Infiniti: The QX50 is damn pretty. It wears its traditional Infiniti styling cues well, and its designers get brownie points for not succumbing to the floating roof trend.
There's a lot to like about the fit and finish of the cabin in this range-topping QX50 Essential. Equipped with the optional Autograph package ($2,000), unique blue suede and brown leather accents join white, quilted leather seats. The eclectic mix is a welcomed departure from old-school finishes like lacquered wood trim and faux carbon fiber. It's just a bit pricey.
The seats on the QX50 are a big upgrade over the RDX. They’re spacious, comfortable, and highly configurable. Even the back seats are a nice place to sit. The cabin is whisper quiet, too – there’s no obnoxious droning from the engine.
Acura: Acura's new True Touchpad Interface is one of the best infotainment systems around. It's made up of two components: a 10.2-inch screen, and a laptop-style touch controller that correlates directly to the screen – for example, touch the top left corner of the pad, and it registers in the top left corner of the screen. It makes quick work of the main menu and basic functions.
But True Touchpad gets a little wonky when diving into more detailed functions. Apple CarPlay and Android Auto don't have the same point and click functionality and require a bit of scrolling. And satellite radio, for example, needs some fine tuning for things like, well, tuning. Still, it's a superior system to whatever Infiniti is selling.
Infiniti: For a car that looks this good from the outside, and feels so modern on the inside, you'd expect technology that follows the same theme. But no. Infiniti's outdated dual-screen display falls short of most of its competitors in both attractiveness and ease of use (thank goodness an update is coming).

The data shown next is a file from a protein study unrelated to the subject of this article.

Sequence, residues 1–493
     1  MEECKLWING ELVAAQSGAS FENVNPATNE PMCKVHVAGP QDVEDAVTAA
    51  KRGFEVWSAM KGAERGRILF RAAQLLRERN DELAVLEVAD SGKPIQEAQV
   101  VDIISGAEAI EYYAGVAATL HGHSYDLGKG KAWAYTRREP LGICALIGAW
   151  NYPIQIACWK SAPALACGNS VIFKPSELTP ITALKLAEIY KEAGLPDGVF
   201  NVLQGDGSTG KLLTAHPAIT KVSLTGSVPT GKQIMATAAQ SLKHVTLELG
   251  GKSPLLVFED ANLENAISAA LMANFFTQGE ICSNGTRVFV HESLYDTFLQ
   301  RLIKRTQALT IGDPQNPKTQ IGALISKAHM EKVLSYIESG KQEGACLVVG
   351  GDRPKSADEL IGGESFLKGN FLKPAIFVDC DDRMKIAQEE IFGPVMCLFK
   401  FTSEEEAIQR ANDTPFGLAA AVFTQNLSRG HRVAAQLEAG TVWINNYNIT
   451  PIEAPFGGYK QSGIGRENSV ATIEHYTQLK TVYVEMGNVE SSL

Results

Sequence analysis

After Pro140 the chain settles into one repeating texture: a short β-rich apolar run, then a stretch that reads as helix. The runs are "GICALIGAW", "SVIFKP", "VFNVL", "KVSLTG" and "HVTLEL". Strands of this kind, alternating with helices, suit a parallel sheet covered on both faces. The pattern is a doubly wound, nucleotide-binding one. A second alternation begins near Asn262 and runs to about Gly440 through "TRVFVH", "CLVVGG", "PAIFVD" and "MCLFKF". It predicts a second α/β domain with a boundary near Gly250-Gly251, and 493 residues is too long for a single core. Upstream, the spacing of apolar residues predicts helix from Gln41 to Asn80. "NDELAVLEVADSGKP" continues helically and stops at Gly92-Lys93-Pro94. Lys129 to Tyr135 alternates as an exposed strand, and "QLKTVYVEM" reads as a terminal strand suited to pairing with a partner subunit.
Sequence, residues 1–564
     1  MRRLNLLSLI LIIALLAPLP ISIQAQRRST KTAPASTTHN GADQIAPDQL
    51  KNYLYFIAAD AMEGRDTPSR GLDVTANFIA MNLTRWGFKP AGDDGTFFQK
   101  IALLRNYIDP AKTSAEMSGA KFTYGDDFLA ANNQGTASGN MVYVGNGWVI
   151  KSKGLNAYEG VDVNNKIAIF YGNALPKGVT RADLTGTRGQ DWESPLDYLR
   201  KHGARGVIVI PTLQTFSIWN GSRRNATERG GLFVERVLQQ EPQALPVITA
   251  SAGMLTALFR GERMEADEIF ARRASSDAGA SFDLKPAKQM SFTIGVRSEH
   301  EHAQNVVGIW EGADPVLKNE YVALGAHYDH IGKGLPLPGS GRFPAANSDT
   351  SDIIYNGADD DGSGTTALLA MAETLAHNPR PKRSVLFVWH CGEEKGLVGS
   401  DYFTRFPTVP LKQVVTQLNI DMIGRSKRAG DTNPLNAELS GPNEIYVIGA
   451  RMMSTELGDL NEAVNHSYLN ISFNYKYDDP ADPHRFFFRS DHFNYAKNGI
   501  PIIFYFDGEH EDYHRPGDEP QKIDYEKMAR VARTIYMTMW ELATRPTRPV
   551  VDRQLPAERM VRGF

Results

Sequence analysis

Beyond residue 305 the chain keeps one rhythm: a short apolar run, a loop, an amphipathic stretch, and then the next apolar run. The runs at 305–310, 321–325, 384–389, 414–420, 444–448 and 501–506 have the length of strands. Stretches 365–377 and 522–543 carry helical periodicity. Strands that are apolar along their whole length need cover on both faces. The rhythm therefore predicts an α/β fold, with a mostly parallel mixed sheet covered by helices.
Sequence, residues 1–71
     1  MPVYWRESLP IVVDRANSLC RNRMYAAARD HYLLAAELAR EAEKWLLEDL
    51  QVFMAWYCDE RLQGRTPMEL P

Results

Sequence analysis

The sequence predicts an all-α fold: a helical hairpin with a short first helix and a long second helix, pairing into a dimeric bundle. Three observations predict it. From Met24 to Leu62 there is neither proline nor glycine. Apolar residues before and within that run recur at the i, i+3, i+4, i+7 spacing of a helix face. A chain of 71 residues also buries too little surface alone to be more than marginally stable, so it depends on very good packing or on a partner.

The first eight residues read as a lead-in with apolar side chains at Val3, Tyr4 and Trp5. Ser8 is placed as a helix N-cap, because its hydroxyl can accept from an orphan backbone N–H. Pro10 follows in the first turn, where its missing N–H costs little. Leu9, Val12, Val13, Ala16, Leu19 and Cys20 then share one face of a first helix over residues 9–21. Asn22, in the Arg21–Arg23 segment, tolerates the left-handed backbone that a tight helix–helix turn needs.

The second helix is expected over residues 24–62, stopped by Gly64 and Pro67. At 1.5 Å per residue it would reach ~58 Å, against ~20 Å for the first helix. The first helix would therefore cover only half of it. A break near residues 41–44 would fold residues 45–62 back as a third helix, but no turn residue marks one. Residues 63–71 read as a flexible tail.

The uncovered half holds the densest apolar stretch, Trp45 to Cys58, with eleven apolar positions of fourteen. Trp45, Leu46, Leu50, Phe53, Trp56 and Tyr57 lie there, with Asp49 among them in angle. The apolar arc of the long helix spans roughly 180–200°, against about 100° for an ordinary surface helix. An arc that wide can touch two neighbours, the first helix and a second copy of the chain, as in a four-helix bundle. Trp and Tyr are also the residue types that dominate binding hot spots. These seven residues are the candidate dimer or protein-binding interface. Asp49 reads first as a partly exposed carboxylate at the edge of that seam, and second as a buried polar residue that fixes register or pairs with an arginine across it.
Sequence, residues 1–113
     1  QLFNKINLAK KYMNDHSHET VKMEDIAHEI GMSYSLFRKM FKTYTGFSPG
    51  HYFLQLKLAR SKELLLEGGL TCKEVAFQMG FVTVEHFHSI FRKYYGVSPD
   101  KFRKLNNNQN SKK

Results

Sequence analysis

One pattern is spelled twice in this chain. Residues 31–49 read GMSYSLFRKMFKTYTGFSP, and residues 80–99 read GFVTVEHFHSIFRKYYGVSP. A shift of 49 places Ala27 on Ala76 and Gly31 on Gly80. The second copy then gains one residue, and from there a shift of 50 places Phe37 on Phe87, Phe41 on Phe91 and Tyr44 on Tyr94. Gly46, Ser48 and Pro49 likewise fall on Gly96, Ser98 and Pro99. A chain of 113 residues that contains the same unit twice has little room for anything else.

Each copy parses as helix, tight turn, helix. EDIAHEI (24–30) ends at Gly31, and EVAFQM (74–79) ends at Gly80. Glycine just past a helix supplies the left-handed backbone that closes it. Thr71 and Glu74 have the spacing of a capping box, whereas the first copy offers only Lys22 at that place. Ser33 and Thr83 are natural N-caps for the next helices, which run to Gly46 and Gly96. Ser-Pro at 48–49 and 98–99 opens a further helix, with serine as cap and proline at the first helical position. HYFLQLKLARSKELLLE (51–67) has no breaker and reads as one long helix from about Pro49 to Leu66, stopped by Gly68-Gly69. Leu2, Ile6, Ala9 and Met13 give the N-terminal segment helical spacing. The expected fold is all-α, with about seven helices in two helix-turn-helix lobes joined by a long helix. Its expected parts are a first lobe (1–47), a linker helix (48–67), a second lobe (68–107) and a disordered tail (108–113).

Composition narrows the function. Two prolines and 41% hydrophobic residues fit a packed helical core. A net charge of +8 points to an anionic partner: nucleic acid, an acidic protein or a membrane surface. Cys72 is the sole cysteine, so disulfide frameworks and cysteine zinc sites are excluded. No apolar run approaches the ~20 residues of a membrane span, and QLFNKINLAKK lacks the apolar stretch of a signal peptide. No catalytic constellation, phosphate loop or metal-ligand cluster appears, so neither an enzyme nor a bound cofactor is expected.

The navigation graphics on the upper 8.0-inch screen are outdated. Poor touch sensitivity on the lower 7.0-inch screen, which controls the climate system, radio controls, and phone connectivity, make it difficult to use while on the move. And the center-mounted dial controller doesn't do much of anything, apart from zoom in and out of the navigation screen. The Sensory package includes 16 Bose speakers, but they don’t sound like much of an upgrade.
Acura: Just looking at the two crossovers side-by-side, you can tell the RDX is a big boy – its wheelbase is a whole 2.6-inches longer than the outgoing model. It boasts best-in-class rear legroom (38.4 inches), solid cargo room behind the second row (29.5 cubic feet), and even better cargo room with the rear seats folded flat (58.9 inches).
The RDX also has a rear hidden cargo area. Lift up a section of the floorboard and there’s a small storage compartment underneath, perfect for hiding things like purses and groceries.
Infiniti: Even though the RDX looks larger, the QX50 is actually a bit more spacious. It’s down on rear legroom at 35.3 inches, but up on cargo room. A whole 31.1 cubic feet are found behind the second row, and 64.4 cubes with the second row folded flat. The super comfortable quilted back seats make the lack of legroom more manageable, and both rear hatches are fully automatic, controlled either by key or a button mounted by the driver.